Fixation indices and heterozygozity

Fixation indices (FIT, FST, and FIS) estimated according to Weir and Cockerham [31] are listed in Table 4. Also, the estimates of observed heterozygosity (HO) and expected heterozygosity (HE) were recorded based on allele frequency data for each locus per breed (Table 4). The average of observed heterozygozity was quite high (0.76) with a range of 0.35 to 0.91. The MCW0123 marker recorded the lowest figure (0.35), while the MCW0183 marker recorded the highest one (0.91). Expected heterozygosity recorded an average of 0.71 across all loci, ranging from 0.44 (MCW0123) to 0.83 (MCW0165). Similar average was found (0.71) for total gene diversity (HT) across all native chicken breeds. However, the mean of HE recorded in the current study was lower than that reported by Zhang et al [7] in Chinese native chickens. On the other hand, HE was higher than that of Hillel et al [32], who reported that the average gene diversity within 52 breeds across all 22 loci was 0.47. The variation of expected heterozygosity may be due to the differences in location, sample size, breed structure and microsatellite markers [33]. The highest value of total gene diversity (HT) for all studied breeds was 0.85 (MCW016), which meant that this locus was a highly informative locus among all loci. On the other hand, the value of HT for MCW012 was 0.48, indicating a slightly informative locus.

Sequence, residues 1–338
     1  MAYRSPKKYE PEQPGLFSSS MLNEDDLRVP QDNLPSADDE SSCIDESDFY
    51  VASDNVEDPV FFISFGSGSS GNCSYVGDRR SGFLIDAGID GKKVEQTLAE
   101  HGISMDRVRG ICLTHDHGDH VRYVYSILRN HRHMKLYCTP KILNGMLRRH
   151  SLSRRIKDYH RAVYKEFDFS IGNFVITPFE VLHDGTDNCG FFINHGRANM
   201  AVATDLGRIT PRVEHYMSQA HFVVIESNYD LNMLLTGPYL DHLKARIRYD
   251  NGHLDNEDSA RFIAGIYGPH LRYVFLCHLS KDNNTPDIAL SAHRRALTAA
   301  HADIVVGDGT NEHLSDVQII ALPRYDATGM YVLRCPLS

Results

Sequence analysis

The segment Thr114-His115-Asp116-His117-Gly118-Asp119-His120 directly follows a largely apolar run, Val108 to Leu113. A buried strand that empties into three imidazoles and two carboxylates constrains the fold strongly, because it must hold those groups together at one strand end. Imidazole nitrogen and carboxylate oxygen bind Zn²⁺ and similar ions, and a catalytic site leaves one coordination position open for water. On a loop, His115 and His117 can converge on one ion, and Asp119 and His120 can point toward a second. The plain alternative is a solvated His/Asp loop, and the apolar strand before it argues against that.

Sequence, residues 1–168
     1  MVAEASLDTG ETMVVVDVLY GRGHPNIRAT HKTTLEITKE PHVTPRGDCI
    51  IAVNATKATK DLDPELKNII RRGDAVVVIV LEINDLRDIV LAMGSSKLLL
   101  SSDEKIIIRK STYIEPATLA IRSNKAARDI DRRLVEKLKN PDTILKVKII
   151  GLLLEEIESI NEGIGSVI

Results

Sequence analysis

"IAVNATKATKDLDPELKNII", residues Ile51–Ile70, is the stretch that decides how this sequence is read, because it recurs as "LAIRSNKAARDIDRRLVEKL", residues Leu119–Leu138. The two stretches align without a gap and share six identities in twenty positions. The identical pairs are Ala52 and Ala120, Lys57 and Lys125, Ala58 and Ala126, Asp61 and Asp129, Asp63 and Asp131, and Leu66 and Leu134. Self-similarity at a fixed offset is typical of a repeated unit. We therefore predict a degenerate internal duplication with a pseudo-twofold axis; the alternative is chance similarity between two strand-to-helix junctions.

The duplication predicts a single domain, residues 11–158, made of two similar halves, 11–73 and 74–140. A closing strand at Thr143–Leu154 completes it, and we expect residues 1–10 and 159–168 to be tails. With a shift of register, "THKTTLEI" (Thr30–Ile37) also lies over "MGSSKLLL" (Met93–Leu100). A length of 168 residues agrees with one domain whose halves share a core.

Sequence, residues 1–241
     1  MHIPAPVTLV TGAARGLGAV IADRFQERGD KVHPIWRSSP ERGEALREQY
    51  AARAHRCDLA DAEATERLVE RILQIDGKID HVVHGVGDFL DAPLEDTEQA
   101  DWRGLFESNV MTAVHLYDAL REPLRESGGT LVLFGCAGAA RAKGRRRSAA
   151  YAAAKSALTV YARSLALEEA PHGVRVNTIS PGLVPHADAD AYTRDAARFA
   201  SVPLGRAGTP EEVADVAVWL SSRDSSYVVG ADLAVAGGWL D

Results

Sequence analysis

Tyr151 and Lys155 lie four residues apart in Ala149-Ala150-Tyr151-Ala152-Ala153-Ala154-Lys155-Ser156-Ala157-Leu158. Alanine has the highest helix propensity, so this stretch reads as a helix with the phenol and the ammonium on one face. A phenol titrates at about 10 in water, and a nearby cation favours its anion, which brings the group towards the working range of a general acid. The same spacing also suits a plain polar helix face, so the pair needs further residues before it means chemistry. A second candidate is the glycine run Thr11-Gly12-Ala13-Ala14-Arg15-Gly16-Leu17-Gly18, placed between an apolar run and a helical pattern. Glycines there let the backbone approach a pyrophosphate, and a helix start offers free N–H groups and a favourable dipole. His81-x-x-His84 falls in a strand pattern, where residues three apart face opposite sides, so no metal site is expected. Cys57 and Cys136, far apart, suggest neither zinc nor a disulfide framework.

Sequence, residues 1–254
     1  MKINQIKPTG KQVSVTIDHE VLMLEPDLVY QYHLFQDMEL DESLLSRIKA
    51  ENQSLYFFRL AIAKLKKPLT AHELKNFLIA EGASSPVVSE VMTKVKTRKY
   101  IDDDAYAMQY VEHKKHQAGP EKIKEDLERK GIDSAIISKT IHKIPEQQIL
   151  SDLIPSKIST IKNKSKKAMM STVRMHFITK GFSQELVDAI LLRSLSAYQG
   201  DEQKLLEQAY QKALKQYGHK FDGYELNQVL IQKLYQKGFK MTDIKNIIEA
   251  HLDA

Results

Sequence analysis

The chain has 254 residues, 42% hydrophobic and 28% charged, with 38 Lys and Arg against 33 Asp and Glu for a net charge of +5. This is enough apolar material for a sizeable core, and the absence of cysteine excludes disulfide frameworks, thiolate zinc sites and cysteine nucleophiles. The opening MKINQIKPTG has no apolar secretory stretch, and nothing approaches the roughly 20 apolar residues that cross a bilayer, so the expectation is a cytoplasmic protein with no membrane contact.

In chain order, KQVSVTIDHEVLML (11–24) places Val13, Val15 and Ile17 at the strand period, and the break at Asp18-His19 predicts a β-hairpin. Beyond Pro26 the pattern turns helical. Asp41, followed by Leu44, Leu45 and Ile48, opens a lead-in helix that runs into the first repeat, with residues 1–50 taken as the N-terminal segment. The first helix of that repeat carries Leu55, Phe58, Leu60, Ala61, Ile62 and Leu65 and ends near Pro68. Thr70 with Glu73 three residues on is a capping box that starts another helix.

The FIS represents a degree of nonrandom mating (deviation from HWE). A positive number for FIS means deviation from HWE. Only MCW0069, MCW0165, MCW0103, MCW0123, and MCW0295 showed a positive number. Out of all used markers, 75% showed negative figures. Relatively, low average FIS (−0.08) across all loci in the resent study was recorded, indicating non-random mating in the Saudi native chicken breeds. However, FIS is used to obtain a deeper insight in appraising the degree of in-breeding and endangerment potentiality and is considered as an important tool to judge the conservation priority [34]. Accordingly, when FIS is less than 0.05, the breeds are not in danger. On average, the genetic differentiation index, FST, among breeds was 0.02 (Table 4). About 2% of the total genetic variation corresponded to the differences between breeds and the remaining 98% was the result of variation among individuals within breed. Ramadan et al [34] found a 8% of genetic differentiation across 21 studied loci used among six Egyptian local strains. A higher estimated value of FST (0.357) owing to line differences was recorded in pure-bred commercial chicken [35].